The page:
Dynamic compilation is the practice of delaying compilation of a program (translation from a source language to a target language; the latter usually being the instruction set of the underlying microprocessor) until the time that the program is loaded or run. Dynamic compilation can either be done at program load, or on demand as code is executed (or generated!).
In many instances, only the compiler back-end (target code generation and much but not all optimization) is so delayed; there is far less advantage to be gained by delaying things like parsing and semantic analysis. In such cases, an IntermediateForm? is generated by an ahead-of-time compiler (consisting of front-end stuff only); this intermediate form is converted to the target language by the dynamic back-end.
Allows programs to be deployed in a "higher-level" form, eliminating the need for specific ApplicationBinaryInterface?s.
One notorious problem of C++ (and other languages which are typically ahead-of-time compiled) is the FragileBinaryInterfaceProblem, wherein libraries which ought to be source-compatible are not binary-compatible due to differences introduced by the compilation process. (The usual solution in C++ is to manually recompile everything; which may not be an option if its Grandma experiencing the resulting DllHell).
Many code optimizations that are dangerous if performed earlier (inlining virtual functions, replacing HashTable lookups with computed offset computations) in the process are safe when done by a dynamic compiler. (CeePlusPlus does many of these optimizations anyway...)
Another problem with explicit ABIs is that they are notoriously low-level; making efficient implementation of higher-level languages more difficult. (They are also often optimized for programs in static languages like C, not dynamic languages).
The dynamic compiler can be "tuned" to the target, generating more efficient code. In addition, ABI requirements often result in code inefficiencies.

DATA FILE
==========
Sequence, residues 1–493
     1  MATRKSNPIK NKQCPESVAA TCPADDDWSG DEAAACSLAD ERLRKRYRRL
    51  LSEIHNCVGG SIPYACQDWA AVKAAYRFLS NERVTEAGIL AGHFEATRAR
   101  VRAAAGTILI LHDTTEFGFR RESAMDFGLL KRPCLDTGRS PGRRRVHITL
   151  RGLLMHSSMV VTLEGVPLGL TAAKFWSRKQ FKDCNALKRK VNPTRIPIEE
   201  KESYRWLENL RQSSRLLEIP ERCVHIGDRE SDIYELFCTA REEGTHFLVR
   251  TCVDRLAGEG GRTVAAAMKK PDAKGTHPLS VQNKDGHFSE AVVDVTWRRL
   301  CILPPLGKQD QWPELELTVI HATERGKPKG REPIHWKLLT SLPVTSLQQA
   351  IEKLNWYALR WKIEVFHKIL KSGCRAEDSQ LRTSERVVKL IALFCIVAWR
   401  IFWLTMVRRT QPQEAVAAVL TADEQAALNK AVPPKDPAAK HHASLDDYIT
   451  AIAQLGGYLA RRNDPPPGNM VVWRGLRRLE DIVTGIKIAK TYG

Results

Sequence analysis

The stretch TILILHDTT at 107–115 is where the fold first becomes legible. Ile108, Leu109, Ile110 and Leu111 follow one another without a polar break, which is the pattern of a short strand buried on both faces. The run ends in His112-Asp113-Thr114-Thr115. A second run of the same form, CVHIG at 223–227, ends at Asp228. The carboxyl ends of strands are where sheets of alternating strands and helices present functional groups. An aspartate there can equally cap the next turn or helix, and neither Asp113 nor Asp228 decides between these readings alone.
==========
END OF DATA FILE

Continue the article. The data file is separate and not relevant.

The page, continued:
The dynamic compiler can perform security/robustness audits on the code as part of the translation process, similar to the bytecode verification done by a JavaVirtualMachine. (Note that JVM bytecode verification is separate from the issue of DynamicCompilation; even VMs that don't do any JustInTimeCompilation still do bytecode verification).
For HomoiconicLanguages, or other programming languages that allow generation of code on the fly (via an "eval" statement or something similar), DynamicCompilation is (in general) the only way to achieve the benefits of code compiled to the target microprocessor. Comprehensive ahead-of-time compilation of progamming languages with eval() is known to be undecideable--without DynamicCompilation, the choices left to the language designer are: a) interpret everything; or b) compile the static parts and interpret the dynamic parts (making the dynamic parts noticeably slower; which will often cause programmers to avoid the dynamic features).
Application start time can be increased noticeably; compiling nontrivial programs cam take a considerable amount of time. Compilation, rather than being something that happens on the developer's machine, happens instead on the user's machine
This can be offset by caching the resultant binaries--the program loader looks at the transitive closure of the application and its dependent libraries; if nothing has changed the cached compiled program can be used. Otherwise, the program loader automagically recompiles everything; thus most executions don't require a re-compilation.
Even with caching; DynamicCompilation still takes a long time--many DynamicCompilers? only bother to perform trivial optimizations as a result. Many optimization algorithms are NpHard (or worse)--and are problematic to implement efficiently on ahead-of-time compilers (where the compile-time, while annoying, is less of an issue).
Compilation of large programs can be memory-intensive; in many situations the target machine may have insufficient memory to handle the translation--which can result in thrashing or program failure. This is especially problematic in embedded systems.
Some CPU architectures and OperatingSystems (or combinations thereof) take a dim view of user-modified code, and disallow user-writeable pages to be executed. The Intel x86 architecture doesn't have this property, though a NX (No eXecute) bit is being added to the page table in upcoming versions--but many other CPUs do have NX bits in the MemoryManagementUnit? (PowerPc for example) and many operating systems use this to enhance security (StackSmashing is impossible if user-writeable pages cannot be executed--it's primarily an x86 problem). In addition, many processors do not have automatically synchronized data and instruction caches, and manually syncing the caches many require execution of privileged instructions (the x86 is again an exception, owing to lots of self-modifying DOS programs that the architecture needed to maintain compatibility with). On such targets, DynamicCompilation can be even more expensive as the OperatingSystem needs to continuously get involved in order to load pages into the CodeSegment?.